This story was originally written for “The Fusion Crust”, the newsletter of the IMCA. Recently, I made another high dollar trade that actually began many, many months ago. However, it took the fall of the Park Forest stone meteorite through the ceiling of Noe Garza’s home to give this trade the push it needed. As I was thinking this more recent meteorite trade, I remember many of the same feelings as I did during the trade described in the following story. Therefore, I saw it as fitting to share it once again.
The Anatomy of a Trade
Gibeon for Johnstown at 1:1?
by Martin Horejsi
Part of the fun of trading meteorites is the surprise that awaits you when opening the package containing your new specimen. Since meteorites are really their own commodities containing any value one decides to place on them, strange things can happen when trading meteorites. And so goes the story here.
I was working as a middleman in a large institutional meteorite trade. As is often the case when rare or large specimens are traded, smaller ones enter the arena to “grease the wheels” so to speak. Part of this particular institution’s reason for holding a meteorite collection was for teaching purposes. Therefore, I saw an opening to toss in a nice little slice of Gibeon to supplement the teaching portion of the collection. The 78-gram Gibeon was etched, and had a bit of crust, but it was no prize, just a good solid representative of a fine octahedrite.
Following the successful trade, one of the parties offered to replace my Gibeon since it was such a small expense given the nature of what was traded. But since a replacement Gibeon would be a while in coming, a piece of Udei Station would be sent to “hold me over” till a suitable Gibeon was found. The 200g Udei Station was interesting, but it was more what was left over after all the good pieces were cut from an odd shaped mass.
The blocky piece resembled a wedge of cheese with loads of interior, but little exterior, and just a sliver of weathered crust.
I knew the selling price of Udei Station the US, but was surprised when I noticed some for sale in Europe for a price 4-5 times as high! When opportunity knocks, open the door. So that is exactly what I did. I studied European meteorite dealers’ inventories on the Net in hopes of finding a suitable target for a trade. I also knew time was money, because a 10kg mass of Udei Station was in the process of being cut and distributed. To maximize the trade value of my piece, I had to act before the other Udei Station hit the open market.
At this same time, a European dealer was offering large slices of Johnstown at seemingly low price. The dealer listed only one large piece of about 75 grams, with all the other pieces much smaller and more expensive per gram. The 75-gram Johnstown did not have the greatest of surface-to-weight ratio and it had only a bit of crust, but it was still a rarity. I calculated the necessary value of my Udei Station compared to the Johnstown, composed an email outlining my proposal, crossed my fingers, and clicked the send button.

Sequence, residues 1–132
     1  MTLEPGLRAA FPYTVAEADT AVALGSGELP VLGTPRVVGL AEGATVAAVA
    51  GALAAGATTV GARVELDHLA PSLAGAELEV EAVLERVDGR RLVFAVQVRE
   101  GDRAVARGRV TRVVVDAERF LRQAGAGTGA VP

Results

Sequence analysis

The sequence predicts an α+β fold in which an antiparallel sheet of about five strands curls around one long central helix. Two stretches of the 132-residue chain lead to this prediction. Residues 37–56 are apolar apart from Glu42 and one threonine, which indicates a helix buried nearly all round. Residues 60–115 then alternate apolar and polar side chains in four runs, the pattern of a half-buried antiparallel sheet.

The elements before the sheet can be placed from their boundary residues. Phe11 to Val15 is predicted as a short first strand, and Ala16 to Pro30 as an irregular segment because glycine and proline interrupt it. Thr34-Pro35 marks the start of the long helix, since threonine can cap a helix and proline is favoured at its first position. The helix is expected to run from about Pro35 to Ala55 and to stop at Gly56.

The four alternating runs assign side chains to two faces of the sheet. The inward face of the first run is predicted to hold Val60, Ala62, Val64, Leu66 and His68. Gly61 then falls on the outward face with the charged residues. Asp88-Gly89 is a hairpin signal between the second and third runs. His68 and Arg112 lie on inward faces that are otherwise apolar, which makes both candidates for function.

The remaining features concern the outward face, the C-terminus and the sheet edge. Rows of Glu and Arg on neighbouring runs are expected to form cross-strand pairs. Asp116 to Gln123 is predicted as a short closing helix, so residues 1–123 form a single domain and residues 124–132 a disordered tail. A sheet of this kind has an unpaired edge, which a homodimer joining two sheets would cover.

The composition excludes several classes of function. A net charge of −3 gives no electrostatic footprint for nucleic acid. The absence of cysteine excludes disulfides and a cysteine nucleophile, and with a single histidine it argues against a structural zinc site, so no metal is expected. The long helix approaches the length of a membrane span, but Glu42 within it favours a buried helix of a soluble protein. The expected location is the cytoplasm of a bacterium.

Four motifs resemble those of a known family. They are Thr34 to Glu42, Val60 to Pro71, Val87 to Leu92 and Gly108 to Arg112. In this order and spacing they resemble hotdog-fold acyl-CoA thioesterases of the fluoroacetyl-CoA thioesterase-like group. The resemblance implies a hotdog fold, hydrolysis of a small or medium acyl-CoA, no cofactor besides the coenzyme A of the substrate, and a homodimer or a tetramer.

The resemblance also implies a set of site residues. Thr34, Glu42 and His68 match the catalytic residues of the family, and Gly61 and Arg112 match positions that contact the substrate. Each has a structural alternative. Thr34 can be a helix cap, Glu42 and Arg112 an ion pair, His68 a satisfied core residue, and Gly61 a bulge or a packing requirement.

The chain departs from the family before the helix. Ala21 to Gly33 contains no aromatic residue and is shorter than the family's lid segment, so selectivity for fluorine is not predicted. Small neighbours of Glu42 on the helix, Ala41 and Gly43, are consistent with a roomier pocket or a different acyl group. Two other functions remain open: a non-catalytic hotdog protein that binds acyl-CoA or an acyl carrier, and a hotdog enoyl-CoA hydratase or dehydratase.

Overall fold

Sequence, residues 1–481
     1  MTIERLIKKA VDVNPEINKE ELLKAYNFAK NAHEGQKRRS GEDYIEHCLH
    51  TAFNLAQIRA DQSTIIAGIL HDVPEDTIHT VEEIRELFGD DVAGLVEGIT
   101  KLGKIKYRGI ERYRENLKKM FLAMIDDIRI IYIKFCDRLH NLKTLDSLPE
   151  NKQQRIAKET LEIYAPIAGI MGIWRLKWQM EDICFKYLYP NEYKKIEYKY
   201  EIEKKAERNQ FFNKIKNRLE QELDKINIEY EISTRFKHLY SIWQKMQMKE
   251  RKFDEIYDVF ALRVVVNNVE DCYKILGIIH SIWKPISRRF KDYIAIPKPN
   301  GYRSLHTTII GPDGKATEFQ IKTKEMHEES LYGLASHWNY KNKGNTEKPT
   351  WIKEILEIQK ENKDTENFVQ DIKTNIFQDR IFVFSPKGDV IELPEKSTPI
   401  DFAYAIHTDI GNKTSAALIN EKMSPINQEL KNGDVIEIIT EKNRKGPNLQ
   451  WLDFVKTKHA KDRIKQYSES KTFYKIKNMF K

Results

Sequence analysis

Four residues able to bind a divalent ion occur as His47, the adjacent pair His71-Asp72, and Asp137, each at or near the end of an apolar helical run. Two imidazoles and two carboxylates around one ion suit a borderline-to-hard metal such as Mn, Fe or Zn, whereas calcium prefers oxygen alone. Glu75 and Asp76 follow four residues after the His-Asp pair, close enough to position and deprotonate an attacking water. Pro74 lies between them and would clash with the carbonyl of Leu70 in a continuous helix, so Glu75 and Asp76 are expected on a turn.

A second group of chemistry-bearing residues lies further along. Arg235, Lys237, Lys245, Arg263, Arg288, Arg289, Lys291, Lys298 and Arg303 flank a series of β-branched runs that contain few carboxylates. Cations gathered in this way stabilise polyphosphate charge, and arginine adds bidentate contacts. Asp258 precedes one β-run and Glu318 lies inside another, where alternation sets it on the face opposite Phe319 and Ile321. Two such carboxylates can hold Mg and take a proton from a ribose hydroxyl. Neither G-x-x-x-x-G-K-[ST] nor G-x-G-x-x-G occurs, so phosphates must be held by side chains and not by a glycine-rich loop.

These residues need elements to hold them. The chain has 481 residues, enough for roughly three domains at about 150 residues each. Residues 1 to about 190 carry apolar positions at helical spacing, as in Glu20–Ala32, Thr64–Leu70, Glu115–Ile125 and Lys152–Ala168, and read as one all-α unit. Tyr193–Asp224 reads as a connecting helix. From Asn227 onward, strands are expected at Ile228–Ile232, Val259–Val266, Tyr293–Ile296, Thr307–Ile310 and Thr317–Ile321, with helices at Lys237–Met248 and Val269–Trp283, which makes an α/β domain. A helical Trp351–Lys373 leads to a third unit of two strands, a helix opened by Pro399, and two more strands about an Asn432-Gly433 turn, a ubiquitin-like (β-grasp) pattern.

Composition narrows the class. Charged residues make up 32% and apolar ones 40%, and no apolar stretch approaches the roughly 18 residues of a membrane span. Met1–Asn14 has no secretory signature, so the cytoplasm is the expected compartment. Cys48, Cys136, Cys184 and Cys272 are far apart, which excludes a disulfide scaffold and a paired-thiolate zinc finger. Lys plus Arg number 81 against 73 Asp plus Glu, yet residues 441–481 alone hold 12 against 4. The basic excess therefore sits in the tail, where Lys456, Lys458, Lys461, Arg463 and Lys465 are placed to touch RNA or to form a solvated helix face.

Several days after launching my trade proposal into the European ethernet, I received a favorable reply accepting my offer. I quickly shipped off the Udei Station still wondering if I missed anything. Maybe I overlooked a comma or period in the weight. Did I just trade my Udei Station for a 7.5 gram piece of Johnstown instead of a 75 gram one? Then came another email. The piece of Johnstown I had traded for was sold earlier at a mineral show, and there had been a mix-up in communication. Now the prospect of a 7.5 gram piece was looking better.
Another email appeared a few days later. My Udei Station arrived in Europe and, to my surprise was perceived as being even better than described. Therefore, an even better piece of Johnstown would be sent. About a week later, a small box arrived tied shut with string. As soon as I saw the box, I figured that I was now the proud owner of 75 grams of Johnstown dust and crumbs. Nothing could have survived a long journey intact in such a little box, let alone a specimen as fragile as a diogenite. And worse, the specimen I was hoping for would be about the same size as the box.
The box and I went out to lunch. After ordering some food, I sat at a table and carefully cut the strings. No tape secured the lid, just frail cotton threads. I lifted the lid and peered inside. Between two thin layers of cotton batting sat a perfectly shaped quarter slice of Johnstown, the curved edge of the triangle completely covered in crust. The tiny, understated specimen card read simply: Johnstown, diogenite, 81 grams. My food never tasted so good!